Sustainable Supply Chain Management

A quantitative social network analysis approach to mitigate the ripple effect in supply chain networks

Supply chain network disruptions have become an increasingly relevant topic in literature and industry. Just recently the COVID-19 pandemic demonstrated the need for greater resilience in global supply chain networks. Disruptions lead to material shortages adversely impacting demand fulfilment and eventually resulting in operational shutdowns of nodes or edges in the network. Due to the interconnectedness of modern supply chain networks, such impacts may not be contained to one part of the network but cascade through the network, which is known as the ripple effect or risk propagation. The inherent complexity of today’s supply chain networks and the associated dynamics of the ripple effect increase the difficulty to predict and manage disruptions. The unavoidable and unpredictable nature of disruptions requires the ability of supply chain networks to prepare to, respond to, and recover from a disruption. Supply chain networks with such capabilities are called resilient. Current Supply Chain Network Resiliency (SCNR) literature is assuming homogeneous node risk capacities and is mainly focused around network types, proposing methods that are impractical for supply chain management (SCM) practitioners, such as rebuilding an entire network into a certain structure, which is not possible in practice. Further, it is too expensive for practitioners to simply enhance risk capacity of every node in the network.

The Sustainable Supply Chain Management team of the Institute of Sustainable Development fills this research gap by exploring a novel way to identify critical nodes in supply chain networks, which are then to be fortified to increase overall network resiliency. We present a quantitative social network analysis (SNA) based approach to selectively fortify nodes in complex supply chain networks, targeting ripple-effect mitigation and enhancing supply chain network resilience (SCNR). Our model can be used to analyze supply chain resilience and derive strategies to mitigate disruptions, specifically using betweenness centrality for fortification. The model can be applied by supply chain managers to existing supply chain networks.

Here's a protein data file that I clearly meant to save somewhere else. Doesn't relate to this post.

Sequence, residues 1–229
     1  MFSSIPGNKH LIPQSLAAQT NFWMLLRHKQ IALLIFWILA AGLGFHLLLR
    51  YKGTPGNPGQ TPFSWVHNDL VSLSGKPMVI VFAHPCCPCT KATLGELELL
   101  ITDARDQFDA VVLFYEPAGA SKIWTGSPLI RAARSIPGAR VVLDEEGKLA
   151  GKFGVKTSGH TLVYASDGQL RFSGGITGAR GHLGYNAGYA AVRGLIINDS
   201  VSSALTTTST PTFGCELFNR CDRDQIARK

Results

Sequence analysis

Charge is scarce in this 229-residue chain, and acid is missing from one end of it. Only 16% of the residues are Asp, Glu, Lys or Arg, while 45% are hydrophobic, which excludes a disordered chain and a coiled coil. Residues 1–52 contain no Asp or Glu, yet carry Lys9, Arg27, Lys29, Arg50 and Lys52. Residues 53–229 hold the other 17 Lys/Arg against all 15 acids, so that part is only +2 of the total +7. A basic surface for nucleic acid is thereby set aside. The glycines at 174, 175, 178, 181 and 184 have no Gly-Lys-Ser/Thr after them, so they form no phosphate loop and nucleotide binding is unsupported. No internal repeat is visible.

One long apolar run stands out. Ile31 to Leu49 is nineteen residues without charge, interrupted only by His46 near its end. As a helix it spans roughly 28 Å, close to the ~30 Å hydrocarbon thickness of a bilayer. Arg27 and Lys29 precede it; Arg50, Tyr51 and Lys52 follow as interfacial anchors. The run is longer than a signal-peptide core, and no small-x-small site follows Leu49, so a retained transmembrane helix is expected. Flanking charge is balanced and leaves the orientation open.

To find and evaluate an efficient selection logic, we choose a quantitative approach using agent based simulation. First, an instance generator is programmed in Python, by which we generate random graphs and layout them in two-dimensional space. After graph generation and calculation of SNA KPIs (e.g. betweenness centrality) the data is exported to AnyLogic. In AnyLogic we deploy a Susceptible-Infected-Recovered (SIR)-model from epidemiology literature to mimic the disruption propagation of the ripple effect throughout the network. Initially, all nodes in the supply chain network are in susceptible state. By initially infecting one (or multiple) nodes, the propagation process is started and the “infection” spreads naturally throughout the network. Infected nodes recover after a certain time and thereby gain immunity against further infections.

For our simulation experiment we alternate the values of five parameters, thus creating 25 = 32 different scenarios, which are each run 30 times with a random seed. Consequently, we obtain 32 * 30 = 960 observations. This data is exported to Excel where we perform two regression analyses to quantify the impact of our parameter variation on network performance, measured by two different network performance indicators:

1) Healthy Nodes, representing how deep the dip in network performance is.

2) Recovery Time, representing the time duration until the network performance is back on its initial level.

Looking at the regression output tables we can draw the following conclusions:

With Healthy Nodes as dependent variable, we may explain quite a bit of its variation by the independent variables. We find that the interaction term fort_option * fort_metric is statistically significant at the 1% level and has a positive sign, meaning that if we fortify nodes at all, then selection of nodes based on betweenness centrality results in a better network performance compared to randomly fortifying nodes, making betweenness centrality a suitable node selection logic for supply chain managers to mitigate the ripple effect.

When we set Recovery Time as dependent variable, we find only low explanatory power in our regression model. We observe contradictory and implausible results. Obviously, mechanisms impacting Recovery Time are not well understood and most likely not adequately captured by the model.

Future research will focus on overcoming the limitations of our model:

  • Experiments were performed on the same, single graph. We plan to repeat experiments on other, different graphs with the same properties to validate our results.
  • Further, we plan to repeat experiments on graphs varying in size and structure, moving from random graphs towards small world and scale-free networks.